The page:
“Garbage is garbage,” it’s been noted, “but the history of garbage is scholarship.” So, too, Jewish humor is funny stuff, but the history of Jewish humor provides a penetrating window into the core of the Jewish story. No doubt, one might say the same thing about Jewish language, food, literature, or music, but because humor is so sensitive to inner tensions and outer concerns, Jewish humor provides a unique entry into the Jewish psyche.
Jews have been seeing the humor in their lives for a very long time. The Bible itself recounts how Sarah laughed when told she’d have a child, and our forefather Isaac is named for that laughter. The Talmud, particularly in the aggadic (narrative) sections, is replete with witty asides and repartees, and in one famous account, the Talmud speaks of even God laughing. (Consider the theological implications of a God with sense of humor!) During the medieval period, the valuation of humor was institutionalized in Jewish communal customs, perhaps most famously in Purim shpiels, comic plays based on the Book of Esther, which continue today in Jewish communities across the globe.
But Jewish humor as a distinctive cultural phenomenon first lights up in 19th century Eastern Europe. There, in the marketplace, the synagogue, and in the home, the Jewish joke developed into its own recognizable species. The shtetl (village) became home for the new Jewish-humor folk tradition–stories of the fools inhabiting the town of Chelm but one example. Sustaining and enriching this street humor were new Jewish texts. Jewish writers — including Mendele Mokher Seforim, Sholem Aleichem and I.L. Peretz, along with playwrights such as Abraham Goldfaden — mined the bittersweet grumbling of the Jewish ethos and produced lasting classics of Jewish humor, which in turn fed the comic banter of Jewish daily exchange.
What was the genesis of this turn to the humorous? Theorists in the next century offered a parade of hypotheses. Jewish humor, insists one standard view, is all about coping: Jews were miserable, and laughter kept them going. Jewish psychologists further deconstructed Jewish humor as introjections of this external hostility–in other words, self-mockery. Freud writes, “I do not know whether there are many other instances of a people making fun to such a degree of its own character.” Other commentators suggested the Jewish jest is a survival tactic: By altering one’s perspective, the Jew can accept the unsympathetic world for what it was. “Want to alleviate your big-time worries? Put on a tighter shoe,” advises the Yiddish proverb.
The destruction of Eastern European Jewry in the Holocaust did not bring an end to the comic Jewish spirit, but it did change both its content and style. In pre-war European Jewry, humor was predominantly an internal affair — the Jewish joke was an inside joke. The comic lines were in Yiddish, the religious allusions were familiar to all, the fears and frustrations shared across classes, and the context of the storyline shared histories.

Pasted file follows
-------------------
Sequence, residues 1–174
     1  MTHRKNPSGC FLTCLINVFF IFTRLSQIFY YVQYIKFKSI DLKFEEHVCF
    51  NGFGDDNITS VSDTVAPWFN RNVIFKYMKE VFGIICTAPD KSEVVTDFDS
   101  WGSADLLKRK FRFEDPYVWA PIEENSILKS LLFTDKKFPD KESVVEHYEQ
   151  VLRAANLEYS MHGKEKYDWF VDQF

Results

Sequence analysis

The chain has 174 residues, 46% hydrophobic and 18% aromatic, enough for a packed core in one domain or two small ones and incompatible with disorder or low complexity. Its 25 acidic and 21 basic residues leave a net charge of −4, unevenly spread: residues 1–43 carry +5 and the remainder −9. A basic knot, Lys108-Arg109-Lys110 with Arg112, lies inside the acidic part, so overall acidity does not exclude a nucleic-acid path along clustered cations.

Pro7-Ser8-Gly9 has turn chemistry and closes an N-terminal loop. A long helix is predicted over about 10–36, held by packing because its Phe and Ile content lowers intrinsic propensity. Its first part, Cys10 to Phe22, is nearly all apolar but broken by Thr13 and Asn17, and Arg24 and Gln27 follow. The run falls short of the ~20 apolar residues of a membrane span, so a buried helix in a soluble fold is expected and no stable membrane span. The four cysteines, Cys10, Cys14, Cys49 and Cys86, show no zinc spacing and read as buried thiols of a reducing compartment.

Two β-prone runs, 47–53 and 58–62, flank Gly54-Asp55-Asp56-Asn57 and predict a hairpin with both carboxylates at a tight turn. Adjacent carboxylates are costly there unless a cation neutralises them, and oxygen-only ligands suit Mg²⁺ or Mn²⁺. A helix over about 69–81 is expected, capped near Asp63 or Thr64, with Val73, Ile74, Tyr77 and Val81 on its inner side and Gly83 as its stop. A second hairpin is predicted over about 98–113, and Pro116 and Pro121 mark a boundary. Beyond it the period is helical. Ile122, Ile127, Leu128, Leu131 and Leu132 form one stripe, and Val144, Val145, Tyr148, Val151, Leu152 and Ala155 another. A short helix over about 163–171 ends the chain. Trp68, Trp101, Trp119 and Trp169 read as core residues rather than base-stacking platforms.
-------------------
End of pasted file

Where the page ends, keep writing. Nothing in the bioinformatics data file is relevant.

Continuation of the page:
Then came the 20th century, where the story of American Jewish humor since World War II is largely the story the American humor since World War II. As Jews increasingly entered the American mainstream, they were not telling “insider jokes” but shaping the sense of humor of an entire country, depicting America to America.
In the early part of this Jewish humor explosion, “Yiddishisms” were essential to the repertoire, but this faded along with the European memories. The mid-20th century Borsht Belt shtick–acts that thrived in New York’s Catskills region, where Jews flocked for vacations–thrived on shared immigrant histories and traditions. But by century’s end many of these Jewish references were wearing thin. The majority of American Jews are now more comfortable eating sushi than gefilte fish. Jews are not outsiders, they generally don’t cope daily with anti-Semitism, and the average Jewish income is among the highest.
And yet, from Joey Adams to Jon Stewart, with hundreds of comedians in between, Jews continually dominated the comedy business in every area of media, from stand-up to television to literature to film. Jews cultivated the mainstream forms of cultural satire (think Lenny Bruce and Jon Stewart), self-flagellation (think Woody Allen), and audience flagellation (Jackie Mason, Don Rickles); nurtured American literary humor (Philip Roth, Jonathan Safran Foer); invented and sustained television comedy (Milton Berle, Roseanne Barr, Larry David); dominated stand-up comedy (Rodney Dangerfield, Jerry Seinfeld), and on and on.
Some wonder whether Jewish humor will continue to flourish in the years ahead: Will the Jewish funny bone calcify with assimilation? Will the old Jewish comic themes–biting social commentary discomfiting satire, the undermining of the high and mighty, arguments with everyone, including God, the sheer cleverness–continue to drive the Jewish jest?
The traditional answer to all these questions is, “Who knows?” Better we should go directly to the business at hand: Two Jews walk into a shul…. ah, but you heard that one already, no?
Pronounced: PUR-im, the Feast of Lots, Origin: Hebrew, a joyous holiday that recounts the saving of the Jews from a threatened massacre during the Persian period.
Pronounced: TALL-mud, Origin: Hebrew, the set of teachings and commentaries on the Torah that form the basis for Jewish law. Comprised of the Mishnah and the Gemara, it contains the opinions of thousands of rabbis from different periods in Jewish history.